Gender plays a role in most social issues and interactions, but the difference between men and women isn’t always considered, when it comes to managing money. In many cases, mums and dad take a team approach working out family finances, but there are also examples in which men and women fend for themselves, without help from members of the opposite sex. In these cases, there may be noted differences in the way money matters impact individuals, relative to gender.
Personal finances aren’t identical across UK individuals and families, but many households face a similar set of financial responsibilities. Managing monthly bills, controlling credit, investing, and setting aside savings are common money concerns, shared by most Britons, but not everyone responds to these financial demands in the same way. Though gender isn’t always the first point of reference explored by analysts and observers, some of the differences identified between household money managers may indeed be related to the sex of the person in charge of the books at home.
Women Encounter Different Issues
Despite similarities in the financial challenges faced by men and women, there may also be differences between the two sexes. The women-focused blog, Money Nuggets, recently highlighted a few of the unique finance concerns that set apart women from male money managers. The specialized financial education website, aimed primarily at UK women, pointed out a handful of issues that contribute to women’s unique perspectives about money and finance.
Women worry more about their future finances – The Trade Union Congress (TUC) presented data showing women typically have smaller pension pots than their male counterparts. The gap is so pronounced, in fact, women’s defined contribution pension schemes may be worth half as much as men’s. The result for women is greater uncertainty about their financial futures, leading to higher levels of worry for women than men. Stepping away from work roles, in order to care for children is a contributing factor, leaving women less secure about their future finances.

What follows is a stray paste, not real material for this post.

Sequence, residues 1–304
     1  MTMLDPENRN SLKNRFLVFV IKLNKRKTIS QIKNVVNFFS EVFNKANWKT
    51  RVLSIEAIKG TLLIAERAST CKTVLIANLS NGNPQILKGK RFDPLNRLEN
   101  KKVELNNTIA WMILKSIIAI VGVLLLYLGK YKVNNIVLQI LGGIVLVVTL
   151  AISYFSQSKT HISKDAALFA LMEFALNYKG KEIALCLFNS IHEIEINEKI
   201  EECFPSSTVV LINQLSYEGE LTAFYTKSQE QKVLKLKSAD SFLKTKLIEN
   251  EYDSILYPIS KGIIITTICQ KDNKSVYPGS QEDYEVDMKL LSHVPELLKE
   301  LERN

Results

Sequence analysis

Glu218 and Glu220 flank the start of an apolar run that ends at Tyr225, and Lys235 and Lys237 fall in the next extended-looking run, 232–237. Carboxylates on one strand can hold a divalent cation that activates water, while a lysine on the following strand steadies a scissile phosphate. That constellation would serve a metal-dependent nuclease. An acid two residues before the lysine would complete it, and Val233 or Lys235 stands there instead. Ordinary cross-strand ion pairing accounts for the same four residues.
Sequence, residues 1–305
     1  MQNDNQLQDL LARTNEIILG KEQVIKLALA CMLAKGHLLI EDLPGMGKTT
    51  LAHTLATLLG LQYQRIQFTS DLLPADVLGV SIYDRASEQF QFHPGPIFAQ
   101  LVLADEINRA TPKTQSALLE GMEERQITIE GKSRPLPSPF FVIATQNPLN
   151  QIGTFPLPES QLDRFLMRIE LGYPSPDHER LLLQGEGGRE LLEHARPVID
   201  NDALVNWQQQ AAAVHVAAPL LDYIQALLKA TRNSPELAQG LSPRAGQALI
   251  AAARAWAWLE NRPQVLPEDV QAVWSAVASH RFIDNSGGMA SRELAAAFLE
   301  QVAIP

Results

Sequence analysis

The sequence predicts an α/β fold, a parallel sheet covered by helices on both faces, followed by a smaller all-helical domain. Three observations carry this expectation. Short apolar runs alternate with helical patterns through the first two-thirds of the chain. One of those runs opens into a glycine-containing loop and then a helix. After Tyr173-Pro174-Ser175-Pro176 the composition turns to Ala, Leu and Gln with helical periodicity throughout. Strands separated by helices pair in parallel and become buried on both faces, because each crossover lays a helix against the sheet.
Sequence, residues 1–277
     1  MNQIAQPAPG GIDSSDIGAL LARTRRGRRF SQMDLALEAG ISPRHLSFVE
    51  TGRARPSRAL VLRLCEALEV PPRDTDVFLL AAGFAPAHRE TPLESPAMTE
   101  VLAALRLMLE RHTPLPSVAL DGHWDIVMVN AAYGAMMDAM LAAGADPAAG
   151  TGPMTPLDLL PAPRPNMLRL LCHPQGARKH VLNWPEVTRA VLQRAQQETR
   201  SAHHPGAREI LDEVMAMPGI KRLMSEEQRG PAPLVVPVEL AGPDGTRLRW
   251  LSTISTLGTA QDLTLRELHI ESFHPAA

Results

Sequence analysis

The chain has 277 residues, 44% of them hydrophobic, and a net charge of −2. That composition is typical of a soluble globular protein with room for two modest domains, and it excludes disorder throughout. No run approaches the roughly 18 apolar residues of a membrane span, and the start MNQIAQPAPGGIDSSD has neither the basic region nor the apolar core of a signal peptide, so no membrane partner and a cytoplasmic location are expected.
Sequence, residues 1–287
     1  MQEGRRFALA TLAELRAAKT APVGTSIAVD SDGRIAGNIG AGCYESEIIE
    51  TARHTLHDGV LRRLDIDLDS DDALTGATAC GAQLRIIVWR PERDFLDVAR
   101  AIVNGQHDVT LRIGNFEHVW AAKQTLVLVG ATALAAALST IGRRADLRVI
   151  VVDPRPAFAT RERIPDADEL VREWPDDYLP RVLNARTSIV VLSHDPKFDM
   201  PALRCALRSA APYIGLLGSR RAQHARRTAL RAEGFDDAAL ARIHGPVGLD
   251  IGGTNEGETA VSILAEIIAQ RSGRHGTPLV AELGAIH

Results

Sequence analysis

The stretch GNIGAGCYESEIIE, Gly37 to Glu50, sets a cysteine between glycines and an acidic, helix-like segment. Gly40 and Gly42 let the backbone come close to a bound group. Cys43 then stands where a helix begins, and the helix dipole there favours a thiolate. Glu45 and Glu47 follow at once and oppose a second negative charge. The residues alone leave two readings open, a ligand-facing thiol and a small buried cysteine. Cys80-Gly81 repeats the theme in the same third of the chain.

More women are tending to family finances these days – It is thought roles may have evolved in many UK households, leaving women in charge of financial matters. The Department for Work and Pensions (DWP) found women are making more financial decisions than was once the case. In addition to overseeing day-to-day financial matters, women are also deciding which car to buy, making house purchase decisions, and taking control of family investing and saving needs. Taking on the added responsibilities gives women a louder voice, making decisions at home, but it also puts them under more stress.
Women are among the first to feel the pinch – Women disproportionately work in part-time roles and public sector jobs. When recession hits, these are often the first types of employment to feel the pinch. During the noted recession, beginning in 2008, unemployment among women went up, even as men’s unemployment moved in the other direction. Such trends directly impact women’s ability to earn, and when combined with reduced benefits and services for working mums, can have a significant impact on women’s financial health.
Women tend to be caregivers – Children and aging relatives need extra attention, so it’s no surprise women often take on roles as caregivers. Adopting this vital family responsibility often takes them out of the work force for a period of time, or limits the number of hours available for women to pursue a full-time livelihood.
Women are less financially secure than their male partners – The traditional family dynamic leaves women concerned about the future, should something happen to their spouse or coupled relationship. Short-term financing is available for women with jobs, providing fast funds when money’s most needed. But the potential for lasting changes, such as divorce, death, or illness of a partner, creates added anxiety among women, compared to their spouses.